In the year 2000, I released a CD of original music. Right about then, the Internet was making it seem like it might be possible to book shows and sell music and build a fan base and all that without the almighty Record Label. The catch was you had to learn a bunch of skills nobody had yet really quick.
HTML editing, FTP, image editing, web hosting, copying cassettes to CDs, printing your own labels, recording digitally and producing MP3s.
Building a website on a Windows desktop at the end of the nineties was labor intensive. You actually had to produce all the buttons as separate little graphics with different words and colors, and place them precisely where they were to go.
It got prettier on the Mac, if you could read the hieroglyphics.
Derek Sivers stepped up with CD sales, promotional help, and then web hosting for all of us. I’ve never been happier to see a guy actually make money.
CD Baby handled everybody’s digital distribution, giving indie artists a place on iTunes and other streaming platforms for the first time.
I formed a band, toured around, recorded more.
It was all so grand, and by the standards of the times, quite portable.
It may not be fair that the arrival of social media seems to coincide with the first sign of crumbling in this glorious city we had built. Could just be a convenient way to tell the story.
I joined, of course. Couldn’t use the name most people called me. Then came a way to do a musician page, but you couldn’t put music on it. Then you could. Then they killed that and gave you a new way to do it. But you couldn’t put music on it.
Then my website got a virus. Hostbaby fixed it right away, and helped me get my site cleared by Google quickly.
Facebook refused to take my domain off the no-fly list. They told me “You’re not supposed to be using Facebook to promote your business, anyway.” Ah, the good old days.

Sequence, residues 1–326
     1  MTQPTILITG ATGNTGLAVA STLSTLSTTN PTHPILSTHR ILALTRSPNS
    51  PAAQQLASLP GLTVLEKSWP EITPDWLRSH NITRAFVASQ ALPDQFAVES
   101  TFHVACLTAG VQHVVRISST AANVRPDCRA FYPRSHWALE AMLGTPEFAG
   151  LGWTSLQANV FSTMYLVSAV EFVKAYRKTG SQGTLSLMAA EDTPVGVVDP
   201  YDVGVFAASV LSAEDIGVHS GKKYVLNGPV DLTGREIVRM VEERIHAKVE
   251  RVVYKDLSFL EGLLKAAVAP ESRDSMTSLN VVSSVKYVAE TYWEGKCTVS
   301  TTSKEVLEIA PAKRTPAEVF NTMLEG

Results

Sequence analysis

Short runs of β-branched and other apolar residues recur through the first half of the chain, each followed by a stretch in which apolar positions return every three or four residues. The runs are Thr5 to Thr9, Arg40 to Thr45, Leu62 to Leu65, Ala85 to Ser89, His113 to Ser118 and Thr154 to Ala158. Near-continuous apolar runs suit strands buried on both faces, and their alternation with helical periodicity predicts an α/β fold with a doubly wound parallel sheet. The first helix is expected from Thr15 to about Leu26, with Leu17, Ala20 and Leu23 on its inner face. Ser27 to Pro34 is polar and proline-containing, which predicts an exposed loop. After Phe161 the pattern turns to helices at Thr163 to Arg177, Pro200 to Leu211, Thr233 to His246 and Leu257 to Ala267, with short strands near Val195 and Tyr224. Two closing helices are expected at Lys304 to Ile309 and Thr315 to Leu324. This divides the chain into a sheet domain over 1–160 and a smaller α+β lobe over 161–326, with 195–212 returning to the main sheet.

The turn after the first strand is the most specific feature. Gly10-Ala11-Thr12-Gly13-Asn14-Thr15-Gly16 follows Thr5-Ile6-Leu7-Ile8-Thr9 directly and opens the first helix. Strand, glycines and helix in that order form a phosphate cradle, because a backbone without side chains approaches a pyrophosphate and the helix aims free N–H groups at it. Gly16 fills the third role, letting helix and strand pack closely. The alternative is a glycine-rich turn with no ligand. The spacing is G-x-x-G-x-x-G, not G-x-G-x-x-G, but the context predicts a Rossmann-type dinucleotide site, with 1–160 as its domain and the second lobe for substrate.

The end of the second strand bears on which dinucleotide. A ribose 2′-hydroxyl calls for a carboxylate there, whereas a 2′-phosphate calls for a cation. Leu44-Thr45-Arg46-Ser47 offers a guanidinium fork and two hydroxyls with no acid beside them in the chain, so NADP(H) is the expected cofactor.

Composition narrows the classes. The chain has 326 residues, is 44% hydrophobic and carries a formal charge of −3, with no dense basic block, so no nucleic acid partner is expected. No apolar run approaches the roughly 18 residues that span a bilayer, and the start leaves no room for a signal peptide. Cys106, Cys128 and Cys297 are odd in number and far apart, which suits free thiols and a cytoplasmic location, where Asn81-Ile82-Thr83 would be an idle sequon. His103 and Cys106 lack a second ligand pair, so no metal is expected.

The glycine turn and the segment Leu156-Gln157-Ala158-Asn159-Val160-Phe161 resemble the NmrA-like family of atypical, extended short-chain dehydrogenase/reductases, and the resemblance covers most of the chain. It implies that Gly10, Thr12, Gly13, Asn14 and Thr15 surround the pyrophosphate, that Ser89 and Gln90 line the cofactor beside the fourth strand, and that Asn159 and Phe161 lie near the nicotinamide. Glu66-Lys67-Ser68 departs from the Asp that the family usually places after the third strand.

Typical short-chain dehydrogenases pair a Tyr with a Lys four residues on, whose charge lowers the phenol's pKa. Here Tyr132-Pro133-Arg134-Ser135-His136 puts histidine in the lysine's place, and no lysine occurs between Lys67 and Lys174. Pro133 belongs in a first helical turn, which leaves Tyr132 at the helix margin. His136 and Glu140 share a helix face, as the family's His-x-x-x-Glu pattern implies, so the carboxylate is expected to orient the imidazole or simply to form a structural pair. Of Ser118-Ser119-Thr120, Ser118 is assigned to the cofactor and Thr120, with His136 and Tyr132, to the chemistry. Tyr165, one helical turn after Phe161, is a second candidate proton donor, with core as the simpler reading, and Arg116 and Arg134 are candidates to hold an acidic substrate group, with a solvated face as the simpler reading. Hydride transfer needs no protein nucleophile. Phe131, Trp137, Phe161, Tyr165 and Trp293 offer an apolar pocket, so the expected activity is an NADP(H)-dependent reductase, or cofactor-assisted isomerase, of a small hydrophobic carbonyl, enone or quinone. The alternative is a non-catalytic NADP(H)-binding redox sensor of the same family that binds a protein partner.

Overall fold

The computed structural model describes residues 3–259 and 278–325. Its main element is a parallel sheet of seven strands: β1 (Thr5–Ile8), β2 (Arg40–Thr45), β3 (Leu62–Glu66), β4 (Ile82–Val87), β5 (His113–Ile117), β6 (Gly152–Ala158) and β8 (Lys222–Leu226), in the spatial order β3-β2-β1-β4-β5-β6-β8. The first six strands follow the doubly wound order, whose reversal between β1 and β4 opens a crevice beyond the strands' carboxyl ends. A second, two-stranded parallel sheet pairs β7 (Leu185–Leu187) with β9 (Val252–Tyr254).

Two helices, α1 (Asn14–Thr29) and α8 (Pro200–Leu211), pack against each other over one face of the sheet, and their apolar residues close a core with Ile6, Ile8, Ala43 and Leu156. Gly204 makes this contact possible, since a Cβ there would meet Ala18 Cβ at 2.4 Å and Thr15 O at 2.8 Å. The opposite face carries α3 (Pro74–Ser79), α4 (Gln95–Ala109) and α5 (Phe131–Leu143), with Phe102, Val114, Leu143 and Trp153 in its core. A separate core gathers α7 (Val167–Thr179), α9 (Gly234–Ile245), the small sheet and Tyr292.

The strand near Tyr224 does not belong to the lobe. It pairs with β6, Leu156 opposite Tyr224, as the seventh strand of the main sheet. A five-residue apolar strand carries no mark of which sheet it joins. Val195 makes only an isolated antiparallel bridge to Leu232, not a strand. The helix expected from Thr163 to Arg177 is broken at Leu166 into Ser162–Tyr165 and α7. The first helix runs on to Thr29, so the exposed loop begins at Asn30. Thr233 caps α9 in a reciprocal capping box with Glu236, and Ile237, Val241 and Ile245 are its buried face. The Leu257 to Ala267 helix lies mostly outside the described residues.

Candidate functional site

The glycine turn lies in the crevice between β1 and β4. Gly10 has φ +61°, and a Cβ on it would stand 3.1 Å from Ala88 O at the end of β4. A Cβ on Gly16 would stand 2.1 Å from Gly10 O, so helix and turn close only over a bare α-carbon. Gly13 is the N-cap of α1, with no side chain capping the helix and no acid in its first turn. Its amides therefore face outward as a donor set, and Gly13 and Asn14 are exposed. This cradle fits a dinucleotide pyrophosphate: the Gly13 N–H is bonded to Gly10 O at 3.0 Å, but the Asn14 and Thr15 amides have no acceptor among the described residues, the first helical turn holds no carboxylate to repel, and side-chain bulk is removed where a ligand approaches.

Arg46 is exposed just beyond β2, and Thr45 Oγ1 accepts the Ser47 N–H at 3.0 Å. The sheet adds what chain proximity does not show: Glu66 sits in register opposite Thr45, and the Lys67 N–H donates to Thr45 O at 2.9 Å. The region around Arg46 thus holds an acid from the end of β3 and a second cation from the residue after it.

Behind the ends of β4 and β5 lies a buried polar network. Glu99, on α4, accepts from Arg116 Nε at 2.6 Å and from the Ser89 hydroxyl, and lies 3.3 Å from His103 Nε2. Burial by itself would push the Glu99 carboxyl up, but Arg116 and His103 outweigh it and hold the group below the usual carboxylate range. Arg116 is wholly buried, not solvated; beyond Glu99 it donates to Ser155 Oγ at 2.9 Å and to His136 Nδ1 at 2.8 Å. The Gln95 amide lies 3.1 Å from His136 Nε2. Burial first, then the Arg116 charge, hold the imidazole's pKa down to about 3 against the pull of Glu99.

But it couldn’t stay 2009 forever. Old streaming services die, new ones are born. Old computers, and backup drives also die. There were eight computers, seven backup drives, five operating systems, untold software suites and email programs. So many hosts, media from reel-to-reel to MP3. Six generations of streaming and downloading services, maybe nine.
To keep it safe and alive, I made most of my music available free from my website. I couldn’t link to it from you-know-where, but I could still mention its existence from time to time.
But then my last lifeline, Hostbaby, my beloved Derek’s heirs, said they were through. They would lovingly hand me to their chosen scavenger, unless I had another plan. I did not.
It was about to be 2020, and I had a dead website I couldn’t link to from Facebook. CD Baby, iTunes and others were gone. (My first CD is still on Spotify, but if you click through you get some other very different artist by the same name.)
I was nowhere. My van with all my tools had broken down on the side of the road and been picked clean.
So of course I have mastered new tools, and learned some stuff, for example:
Everything’s a little harder now because it’s intuitive. And so simple.
We spent two decades making our files smaller and now they’re not big enough to take up the space in the widget. But now there’s some cool hero product that makes your pictures big again. Thanks George!
So now there’s a whole new website up at http://www.steeldog.org/. It has music on it, plus some other stuff. There is more music at steeldog.bandcamp.com. I will keep uploading till it’s all there.
Feel free to share this article to Facebook; I’m dying to know what they do with the embedded link.